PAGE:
The purpose of lean manufacturing is simply to eliminate waste and increase value for customers and shareholders. The theory is to have optimum linkage and flow throughout your value stream. The rate of your production should match the rate of the demand. Sounds easy enough unfortunately there are always two assumptions made that typically derail the project from the start.

  1. The Customer demand will be level or will allowed to be leveled.
  2. Shared resources can be managed easily.

I’ve found these two assumptions the most common reasons lean implementation fails.

Level Demand

If you’ve dealt with customers at any level you know demand is going to be anything but linear. Naturally there is a simple solution “level loading” production so that line will operate at a steady and predictable rate. So what’s the issue here? One word “inventory”, as manufacturers competes globally margins are lower and available cash is limited. If customers demand isn’t linear than it will be necessary to accumulate and hold finish goods inventory for a period of time. This is typically not acceptable so organizations revert to old methods of delivery, wait until the shipment comes due then try to muscle out the shipment with expediting and overtime.

Shared Resources

A machine or department that is utilized for multiple products or lines is known as a shared resource. Typically your lean event is focused on particular product or family of products. Shared resources like to manage priority first in first out (FIFO) which loses much of its effectiveness when downstream work centers are late or out of sync.

Too often used during lean events is the “Presidential Motorcade Model” a phrase I coined. If you’ve ever seen a presidential motorcade you know all the streets are cleared and the President is given the right of way. In doing so the President makes great time and the secret service can flawlessly predict arrival times. But think about the rest of us? Should we citizens also plan the motorcade model when we travel? Of course not, the streets are a shared resource with speed limits, stop signs and many other drivers on the road at various times and multiple intervals.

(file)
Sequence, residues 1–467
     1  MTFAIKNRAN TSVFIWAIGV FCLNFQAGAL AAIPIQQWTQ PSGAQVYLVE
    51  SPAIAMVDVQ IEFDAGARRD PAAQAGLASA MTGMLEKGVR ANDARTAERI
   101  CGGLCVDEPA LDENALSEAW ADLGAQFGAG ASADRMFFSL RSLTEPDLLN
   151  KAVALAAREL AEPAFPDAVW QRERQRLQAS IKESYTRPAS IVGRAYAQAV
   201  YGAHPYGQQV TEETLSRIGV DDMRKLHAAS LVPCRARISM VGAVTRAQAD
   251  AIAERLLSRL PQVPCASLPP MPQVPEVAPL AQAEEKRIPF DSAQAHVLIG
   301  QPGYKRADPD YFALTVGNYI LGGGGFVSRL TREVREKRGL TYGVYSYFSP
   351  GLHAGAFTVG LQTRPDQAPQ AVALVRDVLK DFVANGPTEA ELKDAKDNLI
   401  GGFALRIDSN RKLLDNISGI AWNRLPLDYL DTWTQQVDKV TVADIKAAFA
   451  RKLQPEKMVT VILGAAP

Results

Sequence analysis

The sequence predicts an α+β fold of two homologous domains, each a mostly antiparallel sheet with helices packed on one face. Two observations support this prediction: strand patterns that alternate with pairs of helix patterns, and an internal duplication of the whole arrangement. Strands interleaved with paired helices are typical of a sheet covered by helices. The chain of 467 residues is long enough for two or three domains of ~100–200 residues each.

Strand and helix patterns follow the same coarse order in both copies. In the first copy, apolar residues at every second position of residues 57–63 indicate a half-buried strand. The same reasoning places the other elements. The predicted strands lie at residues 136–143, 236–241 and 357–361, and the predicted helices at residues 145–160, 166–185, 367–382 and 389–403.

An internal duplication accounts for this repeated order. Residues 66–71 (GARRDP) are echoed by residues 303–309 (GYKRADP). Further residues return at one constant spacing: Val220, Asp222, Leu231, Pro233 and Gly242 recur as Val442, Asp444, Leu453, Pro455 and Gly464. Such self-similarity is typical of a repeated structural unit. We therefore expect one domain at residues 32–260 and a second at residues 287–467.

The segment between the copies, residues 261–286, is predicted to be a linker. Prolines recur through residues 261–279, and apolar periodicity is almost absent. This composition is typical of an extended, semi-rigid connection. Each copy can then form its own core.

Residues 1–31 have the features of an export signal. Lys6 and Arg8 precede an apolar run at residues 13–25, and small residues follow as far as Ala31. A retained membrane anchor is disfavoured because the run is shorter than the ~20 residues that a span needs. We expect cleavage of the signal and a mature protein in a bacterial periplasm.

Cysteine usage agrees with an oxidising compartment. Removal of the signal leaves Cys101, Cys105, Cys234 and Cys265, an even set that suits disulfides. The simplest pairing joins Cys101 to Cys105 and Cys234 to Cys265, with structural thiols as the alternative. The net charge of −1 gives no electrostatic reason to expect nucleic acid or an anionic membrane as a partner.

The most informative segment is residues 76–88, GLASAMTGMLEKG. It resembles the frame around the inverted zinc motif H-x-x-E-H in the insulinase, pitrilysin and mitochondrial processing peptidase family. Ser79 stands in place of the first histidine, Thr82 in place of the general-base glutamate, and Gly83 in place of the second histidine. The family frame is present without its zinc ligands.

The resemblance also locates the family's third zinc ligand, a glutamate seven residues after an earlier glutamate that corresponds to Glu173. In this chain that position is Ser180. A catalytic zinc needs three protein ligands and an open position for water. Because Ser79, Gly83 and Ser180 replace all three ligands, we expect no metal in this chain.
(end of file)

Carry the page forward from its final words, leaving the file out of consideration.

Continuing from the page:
You can see were I’m going here. Too often lean implementation teams operate unconsciously under the assumption that the program their working will always get priority. This isn’t going to happen for long so it becomes necessary to put buffer inventory at the shared resource centers to maintain flow. But again that notorious word “inventory” rears its ugly head.


When putting together your lean plan calculate understand and agree in advance how much inventory you will carry along with a robust strategy to manage your shared resources. Optimizing a non-restraint work centers in your value stream simply creates inventory. So if your shared resources are the bottleneck it’s the area that requires optimization.

If you have any thoughts or stories please share them in the comments or consider becoming a guest author!

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